Materialist Reduction *Just Is* Elimination

To say that the organism is nothing but its atomic constituents – taking “atom” in its original Democritean sense, as the most basic and indisintegrable component of all corporeal objects – is to say that in itself it is nothing. It is to say that there is in fact no organism at all, but rather only atoms.

For anyone trying to understand anything more complex than atoms, this is obviously an unsatisfactory result. It eliminates all such complexities ontologically. If everything is nothing but atoms, then there are no such things as organisms, or societies, or ecologies, or watersheds, or even vortices, winds, currents, crystals – or, indeed, atoms in the modern, Rutherfordian sense, or for that matter protons on the one hand, or molecules on the other. What’s worse, there are then no such things as the minds and thoughts of organisms such as we. In that case, there is no such thing as the system of thoughts that constitutes materialist reduction. Having devoured all science, the doctrine devours itself.

Like all evil ideas, materialist reduction reduces in the end, and logically, to the ultimate absurdity: nothingness.

This is why materialists so often resort to the dodge of emergence in order to keep thinking. Emergence seems to suggest a way that complex entities can arise from the agglomeration of their atomic constituents. It seems to save the appearances, and so allow materialists to continue to believe in their own existence – as they cannot but do – without violating their principles. But really it cannot save the appearances, because it cannot provide a way that complex entities can emerge from the agglomeration of their constituent atoms; all it really shows is that nothing emerges from the agglomeration of atoms, because what seems to emerge is really nothing but atoms.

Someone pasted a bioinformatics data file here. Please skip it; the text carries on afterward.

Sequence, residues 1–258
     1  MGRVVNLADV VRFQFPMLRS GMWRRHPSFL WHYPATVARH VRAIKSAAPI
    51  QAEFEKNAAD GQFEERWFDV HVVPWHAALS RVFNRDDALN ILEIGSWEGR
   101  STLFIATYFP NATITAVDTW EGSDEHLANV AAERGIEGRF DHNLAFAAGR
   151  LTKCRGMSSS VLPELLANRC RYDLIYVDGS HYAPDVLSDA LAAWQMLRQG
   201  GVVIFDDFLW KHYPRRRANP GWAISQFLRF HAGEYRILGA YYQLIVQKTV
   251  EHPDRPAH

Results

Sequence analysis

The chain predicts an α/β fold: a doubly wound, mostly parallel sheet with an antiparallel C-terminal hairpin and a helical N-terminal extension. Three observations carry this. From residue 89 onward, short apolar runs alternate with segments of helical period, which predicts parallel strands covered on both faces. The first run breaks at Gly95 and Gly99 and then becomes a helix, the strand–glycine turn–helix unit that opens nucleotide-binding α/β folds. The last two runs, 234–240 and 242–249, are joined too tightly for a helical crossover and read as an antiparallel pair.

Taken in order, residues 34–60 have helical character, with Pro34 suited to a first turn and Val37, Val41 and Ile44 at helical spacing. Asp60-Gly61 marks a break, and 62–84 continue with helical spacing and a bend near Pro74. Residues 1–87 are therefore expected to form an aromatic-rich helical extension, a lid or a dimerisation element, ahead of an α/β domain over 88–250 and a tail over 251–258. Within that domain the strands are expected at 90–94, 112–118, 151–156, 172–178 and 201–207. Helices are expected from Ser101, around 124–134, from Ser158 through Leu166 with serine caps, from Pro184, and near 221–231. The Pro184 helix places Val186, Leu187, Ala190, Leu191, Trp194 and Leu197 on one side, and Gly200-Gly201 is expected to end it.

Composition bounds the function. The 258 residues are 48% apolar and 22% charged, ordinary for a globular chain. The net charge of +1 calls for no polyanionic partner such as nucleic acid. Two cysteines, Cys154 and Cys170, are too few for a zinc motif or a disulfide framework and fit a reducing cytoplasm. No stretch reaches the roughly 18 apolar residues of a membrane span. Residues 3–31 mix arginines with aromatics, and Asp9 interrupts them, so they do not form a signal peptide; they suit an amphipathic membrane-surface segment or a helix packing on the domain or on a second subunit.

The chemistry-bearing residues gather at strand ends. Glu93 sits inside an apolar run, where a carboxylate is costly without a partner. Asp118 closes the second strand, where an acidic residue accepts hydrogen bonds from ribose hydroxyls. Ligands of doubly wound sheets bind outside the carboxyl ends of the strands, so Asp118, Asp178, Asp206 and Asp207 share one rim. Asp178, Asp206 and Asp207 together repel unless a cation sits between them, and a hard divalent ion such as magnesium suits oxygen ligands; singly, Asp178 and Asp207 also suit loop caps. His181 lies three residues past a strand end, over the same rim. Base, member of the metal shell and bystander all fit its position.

Emergence can’t save materialist reduction from its implicit corollary that there are no such things as complex entities.

The absurd failure of materialist reduction should tell us that in trying to explain things from the bottom up we are on the wrong track. It should tell us that the only hope we have of explaining anything lies in starting at the top, and then working our way down to the atomic constituents. It should tell us that wholes are ontological reals, and that their constituents are their parts in virtue of their participation of the wholes of which they are parts. It should tell us that wholes are prior to their parts, and explain their participation.

More on that priority in a subsequent post, for it is one of the Philosophical Skeleton Keys.

In the meantime, it should be noted that when we give up on explaining wholes in terms of their parts, and instead turn to explaining parts in terms of their wholes, we don’t end up in any ontological eliminations either of wholes or parts. Holism does not insist that there are no such things as parts. It does not, e.g., insist that the constituent parts of an organism are nothing but aspects of that organism – i.e., that they do not really exist. On the contrary.

Holism does not impoverish our intellectual tool kit. It does not force us to reject the reality of important aspects of our experience, as materialism does. And this should be our clue that in taking wholes as ontological reals, we are on the right track.

17 thoughts on “Materialist Reduction *Just Is* Elimination